Curbing wildlife trafficking in Uganda: lessons for practitioners
Camargo, Claudia Baez
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This policy brief summarizes the main findings from extensive field research on the drivers, facilitators and strategies of wildlife trafficking in Uganda. The research shows that individuals engaging in the first stages of the trading route are driven predominantly by aspirations of wealth to overcome socio-economic hardships. This is reinforced by stereotypes that depict wildlife trade as benign and legitimate. The trafficking is also facilitated by weak governance systems that generate high levels of corruption and impunity. In such a context, opportunistic strategies sustain the operations of organized transnational wildlife trafficking networks, not least because of the availability of a ready pool of accomplices who can be co-opted to facilitate the effective consolidation, concealment and corrupt cover of high volumes of wildlife products. Policymakers who wish to reduce the attractiveness of Uganda for organized wildlife trafficking networks are advised to consider these factors when designing their interventions.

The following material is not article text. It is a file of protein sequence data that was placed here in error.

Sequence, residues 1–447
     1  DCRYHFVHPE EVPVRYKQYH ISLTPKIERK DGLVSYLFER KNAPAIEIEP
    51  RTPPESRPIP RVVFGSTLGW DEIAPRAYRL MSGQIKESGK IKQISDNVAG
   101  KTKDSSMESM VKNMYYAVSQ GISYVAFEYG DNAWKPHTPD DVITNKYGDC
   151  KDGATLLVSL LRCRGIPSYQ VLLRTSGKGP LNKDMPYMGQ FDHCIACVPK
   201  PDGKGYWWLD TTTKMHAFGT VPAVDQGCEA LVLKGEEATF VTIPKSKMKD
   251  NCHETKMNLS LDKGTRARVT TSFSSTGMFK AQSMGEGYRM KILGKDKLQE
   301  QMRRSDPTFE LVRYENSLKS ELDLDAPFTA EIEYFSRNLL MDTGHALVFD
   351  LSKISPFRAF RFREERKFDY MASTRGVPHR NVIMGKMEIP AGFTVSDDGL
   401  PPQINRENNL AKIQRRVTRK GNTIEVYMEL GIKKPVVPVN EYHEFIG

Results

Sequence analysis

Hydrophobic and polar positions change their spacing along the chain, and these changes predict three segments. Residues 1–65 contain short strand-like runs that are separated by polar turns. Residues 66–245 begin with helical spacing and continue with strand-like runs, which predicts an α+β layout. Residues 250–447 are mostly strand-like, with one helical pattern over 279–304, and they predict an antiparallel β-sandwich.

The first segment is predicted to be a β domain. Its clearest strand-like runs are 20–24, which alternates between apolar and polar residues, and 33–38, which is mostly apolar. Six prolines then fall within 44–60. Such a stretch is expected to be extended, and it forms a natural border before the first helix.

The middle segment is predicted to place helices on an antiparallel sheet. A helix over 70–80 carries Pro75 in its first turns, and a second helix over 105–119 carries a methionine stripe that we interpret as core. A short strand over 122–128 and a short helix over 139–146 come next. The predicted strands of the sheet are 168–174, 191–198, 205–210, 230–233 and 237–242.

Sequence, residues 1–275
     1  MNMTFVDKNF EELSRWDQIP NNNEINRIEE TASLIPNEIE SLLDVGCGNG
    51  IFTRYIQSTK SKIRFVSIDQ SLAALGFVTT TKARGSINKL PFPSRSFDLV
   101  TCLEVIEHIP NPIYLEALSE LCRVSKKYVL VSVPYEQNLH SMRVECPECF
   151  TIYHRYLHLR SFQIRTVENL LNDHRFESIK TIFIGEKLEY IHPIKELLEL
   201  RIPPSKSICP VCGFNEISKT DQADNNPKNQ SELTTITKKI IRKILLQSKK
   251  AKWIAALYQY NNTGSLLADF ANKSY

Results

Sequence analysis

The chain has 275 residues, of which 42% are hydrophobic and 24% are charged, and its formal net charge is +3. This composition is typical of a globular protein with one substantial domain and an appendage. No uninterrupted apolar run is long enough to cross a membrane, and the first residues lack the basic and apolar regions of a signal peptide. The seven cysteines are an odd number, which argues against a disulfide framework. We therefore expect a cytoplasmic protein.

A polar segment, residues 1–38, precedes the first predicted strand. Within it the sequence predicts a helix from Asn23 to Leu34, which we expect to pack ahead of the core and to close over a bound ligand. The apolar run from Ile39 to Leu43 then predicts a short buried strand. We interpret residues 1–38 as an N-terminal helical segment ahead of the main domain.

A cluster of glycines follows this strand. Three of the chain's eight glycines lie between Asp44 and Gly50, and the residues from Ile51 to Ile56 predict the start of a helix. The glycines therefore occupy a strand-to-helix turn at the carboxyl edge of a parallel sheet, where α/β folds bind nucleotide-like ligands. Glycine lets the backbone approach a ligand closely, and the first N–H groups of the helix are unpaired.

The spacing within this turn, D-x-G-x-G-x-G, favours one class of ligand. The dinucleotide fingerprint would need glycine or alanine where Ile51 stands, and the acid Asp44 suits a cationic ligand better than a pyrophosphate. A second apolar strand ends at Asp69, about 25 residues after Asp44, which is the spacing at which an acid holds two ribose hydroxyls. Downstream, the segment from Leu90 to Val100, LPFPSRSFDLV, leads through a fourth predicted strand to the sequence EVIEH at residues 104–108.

- Social Sciences